Last relaxer: Nov. 24, 2008
BC: December 19, 2009
Products: Whatever works!
this is why when I'm blowing out my hair or flat ironing, I opt for products with cones in them b/c they will help protect your hair....

IMO, if you are going to flat iron, incorporate a product with some thermal protection regardless of the ings b/c it's much easier to remove buildup vs having to chop off heat damaged locks.
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FC you're okay. I was just having a random thought moment. If silicones work better then they do and I just now to strip my hair when I have had my time with it :-). I put heat on my head for the first time in like five or six months for a blowout and I still kept it on a warm setting and only dried it about 80%. I just wanted to know if I was following a good thought process or to abandon ship. I am not trying to get a high smoke/burn point so I can crank the heck out of the heat if I blow dry, rollerset, or flat iron. I still am a no heat when not needed advocate.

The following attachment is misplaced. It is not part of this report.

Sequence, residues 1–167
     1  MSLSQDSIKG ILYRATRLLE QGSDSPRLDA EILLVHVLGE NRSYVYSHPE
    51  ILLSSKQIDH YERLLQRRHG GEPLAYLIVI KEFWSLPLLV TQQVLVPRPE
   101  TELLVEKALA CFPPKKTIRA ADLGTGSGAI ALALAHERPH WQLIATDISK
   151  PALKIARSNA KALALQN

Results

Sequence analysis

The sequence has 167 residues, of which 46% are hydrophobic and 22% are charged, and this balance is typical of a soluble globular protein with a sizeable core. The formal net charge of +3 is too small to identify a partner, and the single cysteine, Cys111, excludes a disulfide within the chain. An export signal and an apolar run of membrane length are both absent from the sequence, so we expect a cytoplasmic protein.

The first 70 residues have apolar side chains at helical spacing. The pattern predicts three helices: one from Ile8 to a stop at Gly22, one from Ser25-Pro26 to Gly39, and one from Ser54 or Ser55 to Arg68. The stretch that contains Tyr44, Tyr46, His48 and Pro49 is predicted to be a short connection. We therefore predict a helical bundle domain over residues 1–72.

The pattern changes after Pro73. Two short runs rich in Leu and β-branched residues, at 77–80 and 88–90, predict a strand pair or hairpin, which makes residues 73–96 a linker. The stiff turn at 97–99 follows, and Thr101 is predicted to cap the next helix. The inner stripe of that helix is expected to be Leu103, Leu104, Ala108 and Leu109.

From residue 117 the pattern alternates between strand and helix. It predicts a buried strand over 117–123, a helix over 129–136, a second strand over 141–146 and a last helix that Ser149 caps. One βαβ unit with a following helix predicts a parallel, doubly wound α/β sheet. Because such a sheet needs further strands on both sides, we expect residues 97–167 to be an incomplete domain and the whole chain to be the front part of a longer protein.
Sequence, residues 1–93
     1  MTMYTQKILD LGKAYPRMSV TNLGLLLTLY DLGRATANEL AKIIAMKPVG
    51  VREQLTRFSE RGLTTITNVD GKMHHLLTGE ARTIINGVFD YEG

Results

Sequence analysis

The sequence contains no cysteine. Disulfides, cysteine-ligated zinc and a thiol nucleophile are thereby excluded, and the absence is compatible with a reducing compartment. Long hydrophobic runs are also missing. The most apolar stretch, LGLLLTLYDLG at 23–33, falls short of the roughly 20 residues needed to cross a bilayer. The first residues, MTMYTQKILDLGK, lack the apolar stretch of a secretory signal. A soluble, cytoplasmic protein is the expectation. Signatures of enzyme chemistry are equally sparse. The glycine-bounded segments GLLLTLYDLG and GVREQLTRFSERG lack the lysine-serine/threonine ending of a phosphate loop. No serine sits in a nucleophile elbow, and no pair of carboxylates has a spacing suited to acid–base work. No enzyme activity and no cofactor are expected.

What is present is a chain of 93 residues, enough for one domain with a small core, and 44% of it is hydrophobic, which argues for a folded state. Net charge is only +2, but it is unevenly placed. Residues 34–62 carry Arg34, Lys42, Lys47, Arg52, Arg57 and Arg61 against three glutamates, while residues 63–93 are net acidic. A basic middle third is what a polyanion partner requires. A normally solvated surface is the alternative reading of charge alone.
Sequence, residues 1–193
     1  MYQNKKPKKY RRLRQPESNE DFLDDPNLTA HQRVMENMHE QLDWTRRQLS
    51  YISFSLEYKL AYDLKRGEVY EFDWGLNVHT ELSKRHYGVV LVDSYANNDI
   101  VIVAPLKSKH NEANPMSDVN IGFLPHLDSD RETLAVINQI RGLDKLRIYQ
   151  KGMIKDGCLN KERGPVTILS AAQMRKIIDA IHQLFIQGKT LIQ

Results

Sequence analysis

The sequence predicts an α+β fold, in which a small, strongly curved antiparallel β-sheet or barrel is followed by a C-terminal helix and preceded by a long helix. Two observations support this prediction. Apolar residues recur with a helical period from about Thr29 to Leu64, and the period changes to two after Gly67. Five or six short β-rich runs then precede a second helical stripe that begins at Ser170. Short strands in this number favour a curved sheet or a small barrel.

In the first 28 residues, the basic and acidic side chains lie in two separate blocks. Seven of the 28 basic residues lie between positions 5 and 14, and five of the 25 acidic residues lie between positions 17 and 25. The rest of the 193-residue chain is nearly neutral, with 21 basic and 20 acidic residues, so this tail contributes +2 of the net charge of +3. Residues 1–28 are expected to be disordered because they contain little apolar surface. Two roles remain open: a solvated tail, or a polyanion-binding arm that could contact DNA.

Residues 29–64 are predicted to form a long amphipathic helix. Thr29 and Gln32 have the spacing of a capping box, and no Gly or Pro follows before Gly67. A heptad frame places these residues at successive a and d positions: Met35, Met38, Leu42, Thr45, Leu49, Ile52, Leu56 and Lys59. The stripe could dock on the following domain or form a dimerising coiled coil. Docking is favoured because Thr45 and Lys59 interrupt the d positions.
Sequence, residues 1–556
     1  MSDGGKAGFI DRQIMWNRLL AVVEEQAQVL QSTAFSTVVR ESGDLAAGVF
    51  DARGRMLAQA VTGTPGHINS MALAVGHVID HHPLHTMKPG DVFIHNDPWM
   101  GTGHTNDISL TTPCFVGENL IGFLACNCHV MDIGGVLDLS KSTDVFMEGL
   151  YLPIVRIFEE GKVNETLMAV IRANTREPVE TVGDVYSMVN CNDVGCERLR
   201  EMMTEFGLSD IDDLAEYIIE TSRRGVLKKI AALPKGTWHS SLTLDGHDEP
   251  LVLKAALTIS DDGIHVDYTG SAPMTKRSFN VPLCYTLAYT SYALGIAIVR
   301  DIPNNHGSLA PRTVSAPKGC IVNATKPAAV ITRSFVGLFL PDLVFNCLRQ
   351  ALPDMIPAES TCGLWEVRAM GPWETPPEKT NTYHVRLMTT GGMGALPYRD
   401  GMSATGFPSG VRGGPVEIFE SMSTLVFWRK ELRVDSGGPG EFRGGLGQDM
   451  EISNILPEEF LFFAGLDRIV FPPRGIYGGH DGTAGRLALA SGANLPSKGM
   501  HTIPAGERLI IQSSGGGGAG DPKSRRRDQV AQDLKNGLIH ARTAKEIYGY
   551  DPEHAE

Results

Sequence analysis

Originally Posted by gagirl09
You def had the right idea, and grape seed oil will give you the protection you want

this is why when I'm blowing out my hair or flat ironing, I opt for products with cones in them b/c they will help protect your hair....

IMO, if you are going to flat iron, incorporate a product with some thermal protection regardless of the ings b/c it's much easier to remove buildup vs having to chop off heat damaged locks.
Originally Posted by mzmillion
True!
FC you're okay. I was just having a random thought moment. If silicones work better then they do and I just now to strip my hair when I have had my time with it :-). I put heat on my head for the first time in like five or six months for a blowout and I still kept it on a warm setting and only dried it about 80%. I just wanted to know if I was following a good thought process or to abandon ship. I am not trying to get a high smoke/burn point so I can crank the heck out of the heat if I blow dry, rollerset, or flat iron. I still am a no heat when not needed advocate.
Originally Posted by gagirl09
You should let your hair dry completely before using heat because you'll only boil the water in your hair. After a wash, and you've put in the leave-in and detangled etc, sit under the hood dryer for 20/25 minutes. Then blow dry it straight AFTER putting ona heat protectant.

That's how my stylist does it when she straightens my hair. It's been done like that since my last relaxer in '08. Altho, I haven't straightened my hair since some time last year, I haven't had any heat damage etc.

Contrary to popular belief, I think that one can safely straighten their hair.

Good luck!